The deal thesis spells out how the business will achieve the value that is necessary to meet the overall objectives, such as sales targets, or accretive value measured by IRR (internal rate of return). It identifies the specific value-creation actions both parties will need to take to achieve the deal’s targets, and how the operating model can be implemented.

The deal thesis also informs the way a parent organization views its portfolio of businesses. This is the most critical part of the transaction, as it defines how the newly formed business division will operate and where it should focus. For example, the deal thesis could say “how the company will use its expertise in e-commerce to build new e-commerce platforms for the parent as a whole”.

Walmart (NYSE:WM) acquired JET.com for a transaction value of $3.3B in 2016. Three-years following, the teams were integrated to deliver strategic expertise for Walmart.com.

Execute the deal very aggressively

The most successful acquirers in targeting this sector of digital business models are relentless in their pursuit of a framework that enables both parties to achieve operational objectives. Acquirers often insist on a high level of control and create a culture that can resist the temptation to run the newly formed division as a stand-alone entity. See note above on corporate culture integration risks.

They also manage to deliver the deal thesis in a very clear and focused manner, an end-to-end transactional process that needs to be executed with placements of founders in key management positions. Ensuring the the deal thesis is right the first time around, and setting the tone of expectations for teams on how the deal will operate is required to avoid negative friction.

Adapt the operating model

The operating model serves as a blueprint for the division. It lays out how the company designates and manages the critical operational resources, and how those decisions should be made and executed.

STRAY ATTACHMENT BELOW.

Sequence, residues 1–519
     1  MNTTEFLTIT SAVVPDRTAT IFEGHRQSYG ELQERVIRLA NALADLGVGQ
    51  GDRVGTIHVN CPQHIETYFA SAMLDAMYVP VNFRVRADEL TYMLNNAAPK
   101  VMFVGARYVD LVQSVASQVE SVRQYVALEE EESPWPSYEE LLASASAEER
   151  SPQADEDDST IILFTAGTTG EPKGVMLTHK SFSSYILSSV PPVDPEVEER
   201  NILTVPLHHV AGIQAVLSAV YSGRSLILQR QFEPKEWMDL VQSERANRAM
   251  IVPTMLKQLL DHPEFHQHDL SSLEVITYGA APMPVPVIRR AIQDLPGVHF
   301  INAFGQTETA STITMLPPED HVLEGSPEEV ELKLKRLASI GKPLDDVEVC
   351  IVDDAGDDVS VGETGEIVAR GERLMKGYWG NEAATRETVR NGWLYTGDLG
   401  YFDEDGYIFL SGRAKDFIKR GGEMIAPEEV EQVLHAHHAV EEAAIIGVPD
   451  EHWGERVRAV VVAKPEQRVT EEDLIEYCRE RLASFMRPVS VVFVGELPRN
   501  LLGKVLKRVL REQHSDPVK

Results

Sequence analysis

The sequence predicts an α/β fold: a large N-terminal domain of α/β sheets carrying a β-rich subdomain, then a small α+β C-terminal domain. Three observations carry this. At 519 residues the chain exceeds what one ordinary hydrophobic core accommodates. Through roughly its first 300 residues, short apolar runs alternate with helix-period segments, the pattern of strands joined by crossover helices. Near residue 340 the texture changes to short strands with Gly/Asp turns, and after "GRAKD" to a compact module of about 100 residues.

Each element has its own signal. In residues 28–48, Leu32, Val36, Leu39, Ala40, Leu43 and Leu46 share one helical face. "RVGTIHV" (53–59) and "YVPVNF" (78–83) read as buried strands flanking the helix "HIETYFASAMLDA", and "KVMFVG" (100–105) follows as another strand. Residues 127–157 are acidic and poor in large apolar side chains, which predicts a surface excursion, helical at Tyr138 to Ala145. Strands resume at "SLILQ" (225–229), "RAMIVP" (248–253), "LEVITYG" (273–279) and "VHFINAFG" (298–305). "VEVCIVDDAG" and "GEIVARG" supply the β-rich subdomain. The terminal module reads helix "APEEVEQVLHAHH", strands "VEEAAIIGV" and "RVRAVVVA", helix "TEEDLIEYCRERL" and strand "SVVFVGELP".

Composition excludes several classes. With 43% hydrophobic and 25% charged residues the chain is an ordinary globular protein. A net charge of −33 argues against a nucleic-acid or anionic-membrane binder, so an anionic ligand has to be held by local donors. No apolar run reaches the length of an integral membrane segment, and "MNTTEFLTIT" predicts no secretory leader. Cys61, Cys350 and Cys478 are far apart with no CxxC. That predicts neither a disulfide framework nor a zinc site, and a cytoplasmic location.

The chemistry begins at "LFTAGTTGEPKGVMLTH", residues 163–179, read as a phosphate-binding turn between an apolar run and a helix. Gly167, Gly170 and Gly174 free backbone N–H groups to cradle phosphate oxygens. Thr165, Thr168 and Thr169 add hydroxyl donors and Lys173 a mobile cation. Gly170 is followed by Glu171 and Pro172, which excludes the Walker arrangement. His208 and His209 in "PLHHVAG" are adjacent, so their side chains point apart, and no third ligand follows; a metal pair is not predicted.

Digital players with a negative cash burn rate often expect ongoing subsidization of operations. It’s imperative to include a plan of profitability with sales enablement, if not entirely a turnaround strategy.

Adjusting existing tactics can be a challenging endeavor in a sector with technical complexity and growth uncertainty. Most companies recognize the need to be flexible in their operating model, but it is especially important for scale deals, where the business model is built from the ground up, and where cultural and historical biases may influence the decision-making process.

Take advantage of the right people

The biggest challenge where M&A leaders fail to recognize is that human beings are not accustomed to the same experiences. They’re not necessarily able to fix a broken machine into a well-oiled and functioning team. Leaders are more inclined to operate in a way that allows them to control practices under the same business conditions.

In a scale deal, the best way to ensure a successful outcome is to bring the right people on the job, train them for the job, and make them aware of the growth requirements and the need for change. When that happens, the best companies create a new approach for the division, and they operate it effectively.

Get in touch to learn how we can craft a digital assets M&A strategy for your firm with the right checks and balances for technical due diligence.